Then, two weeks soon after the war started out, she understood she could do some thing — possibly some thing that could have a significant influence.
“I abruptly remembered I’m a human rights attorney,” Protsenko said with a smile.
Protsenko had moved to the United States in 2019 as a Fulbright Scholar finding out worldwide human rights regulation while earning her LL.M. at the University of Indiana McKinney University of Law. Considering that 2020, she experienced been in Charlottesville, archiving oral histories about the Soviet use of punitive psychiatry to suppress dissent, as aspect of a postdoctoral exploration fellowship with UVA Legislation professor Richard Bonnie ’69.
But just before arriving in the United States, she experienced represented Ukrainian victims of gross human legal rights violations fully commited by Russian forces and professional-Russian militants all through the 2014 invasion of the East and the annexation of Crimea.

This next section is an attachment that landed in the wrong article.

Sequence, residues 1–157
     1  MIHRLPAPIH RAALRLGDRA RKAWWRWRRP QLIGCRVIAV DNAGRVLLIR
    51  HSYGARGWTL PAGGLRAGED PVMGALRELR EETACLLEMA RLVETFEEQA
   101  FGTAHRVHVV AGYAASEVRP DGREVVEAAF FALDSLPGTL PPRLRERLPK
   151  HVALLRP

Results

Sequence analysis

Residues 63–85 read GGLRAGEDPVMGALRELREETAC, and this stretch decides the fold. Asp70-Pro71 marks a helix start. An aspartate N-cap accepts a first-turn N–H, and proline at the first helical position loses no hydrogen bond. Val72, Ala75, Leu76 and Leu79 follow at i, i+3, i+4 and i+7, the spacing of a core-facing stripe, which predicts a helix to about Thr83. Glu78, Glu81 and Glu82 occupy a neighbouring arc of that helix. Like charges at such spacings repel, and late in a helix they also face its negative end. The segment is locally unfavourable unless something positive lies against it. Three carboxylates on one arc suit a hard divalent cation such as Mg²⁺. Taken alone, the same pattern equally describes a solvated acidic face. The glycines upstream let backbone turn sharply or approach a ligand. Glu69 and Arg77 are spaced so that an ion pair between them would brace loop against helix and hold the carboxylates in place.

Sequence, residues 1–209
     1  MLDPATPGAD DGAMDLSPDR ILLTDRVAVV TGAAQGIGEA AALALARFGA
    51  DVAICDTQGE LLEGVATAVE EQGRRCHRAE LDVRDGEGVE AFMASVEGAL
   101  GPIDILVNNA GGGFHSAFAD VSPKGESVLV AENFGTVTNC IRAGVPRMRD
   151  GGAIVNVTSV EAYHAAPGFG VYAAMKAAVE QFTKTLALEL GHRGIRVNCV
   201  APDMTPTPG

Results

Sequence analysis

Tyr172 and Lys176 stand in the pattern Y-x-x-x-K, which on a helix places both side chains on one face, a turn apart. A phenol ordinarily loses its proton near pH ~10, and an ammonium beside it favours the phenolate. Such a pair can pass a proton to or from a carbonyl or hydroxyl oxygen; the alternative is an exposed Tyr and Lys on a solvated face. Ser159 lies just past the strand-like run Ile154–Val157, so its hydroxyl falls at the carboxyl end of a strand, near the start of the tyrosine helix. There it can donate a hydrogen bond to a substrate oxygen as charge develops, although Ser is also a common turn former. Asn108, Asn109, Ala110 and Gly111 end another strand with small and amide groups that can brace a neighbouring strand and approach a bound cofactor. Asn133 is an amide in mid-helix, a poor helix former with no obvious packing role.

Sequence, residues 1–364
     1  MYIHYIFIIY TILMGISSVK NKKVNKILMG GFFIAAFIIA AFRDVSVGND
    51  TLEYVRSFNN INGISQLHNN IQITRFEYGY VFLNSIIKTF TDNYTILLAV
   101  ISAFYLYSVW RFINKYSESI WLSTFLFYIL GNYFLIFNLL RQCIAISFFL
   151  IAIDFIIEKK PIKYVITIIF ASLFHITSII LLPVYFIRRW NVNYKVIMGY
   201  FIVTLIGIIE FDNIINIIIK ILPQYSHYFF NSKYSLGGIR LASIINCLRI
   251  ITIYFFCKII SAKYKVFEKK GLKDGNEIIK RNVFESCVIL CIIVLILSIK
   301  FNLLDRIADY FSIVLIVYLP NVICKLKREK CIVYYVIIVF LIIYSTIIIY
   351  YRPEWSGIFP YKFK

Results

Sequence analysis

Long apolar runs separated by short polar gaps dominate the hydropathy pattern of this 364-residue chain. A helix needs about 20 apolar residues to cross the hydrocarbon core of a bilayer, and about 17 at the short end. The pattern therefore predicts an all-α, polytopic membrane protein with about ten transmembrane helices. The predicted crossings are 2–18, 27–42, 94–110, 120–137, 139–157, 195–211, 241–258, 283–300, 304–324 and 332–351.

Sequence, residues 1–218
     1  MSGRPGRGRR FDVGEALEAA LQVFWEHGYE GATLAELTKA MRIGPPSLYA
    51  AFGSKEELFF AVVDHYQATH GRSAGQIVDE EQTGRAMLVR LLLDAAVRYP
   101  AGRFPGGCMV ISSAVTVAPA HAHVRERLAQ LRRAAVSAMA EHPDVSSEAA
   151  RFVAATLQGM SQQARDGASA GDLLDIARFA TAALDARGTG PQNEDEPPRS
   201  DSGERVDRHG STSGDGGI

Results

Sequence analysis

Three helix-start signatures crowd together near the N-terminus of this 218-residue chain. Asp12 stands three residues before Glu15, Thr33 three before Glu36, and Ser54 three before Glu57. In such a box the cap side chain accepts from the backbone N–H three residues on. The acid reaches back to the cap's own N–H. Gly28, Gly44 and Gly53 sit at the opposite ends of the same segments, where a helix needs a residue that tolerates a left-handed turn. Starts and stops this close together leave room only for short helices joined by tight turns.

“One of my first shoppers was the family members of a female I used to participate in with increasing up she lived up coming door to my grandmother,” Protsenko said. The lady, who was 20, perished when the civilian bus she was using on in the Donetsk location was fired on as it passed through the Volnovakha checkpoint.
“Everyone on her side of the bus died,” Protsenko mentioned. “She was the youngest individual on that bus.”
Protsenko submitted the family’s lawsuit versus the Russian governing administration in the European Courtroom of Human Rights, which experienced jurisdiction more than Russia because it joined the Council of Europe and signed the European Conference on Human Rights in 1998.
That circumstance, submitted in 2015, has nevertheless to be communicated to Russia, which was kicked out of the Council of Europe previous March just after invading Ukraine. (The courtroom retains jurisdiction about conditions arising up to 6 months just after Russia remaining the council.)
An Opportunity at UVA